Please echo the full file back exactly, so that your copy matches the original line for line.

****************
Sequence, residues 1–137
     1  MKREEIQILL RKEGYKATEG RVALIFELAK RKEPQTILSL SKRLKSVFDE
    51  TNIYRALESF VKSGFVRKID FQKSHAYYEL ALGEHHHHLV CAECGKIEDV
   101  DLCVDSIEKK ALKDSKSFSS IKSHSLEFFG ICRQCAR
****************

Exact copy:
Sequence, residues 1–137
     1  MKREEIQILL RKEGYKATEG RVALIFELAK RKEPQTILSL SKRLKSVFDE
    51  TNIYRALESF VKSGFVRKID FQKSHAYYEL ALGEHHHHLV CAECGKIEDV
   101  DLCVDSIEKK ALKDSKSFSS IKSHSLEFFG ICRQCAR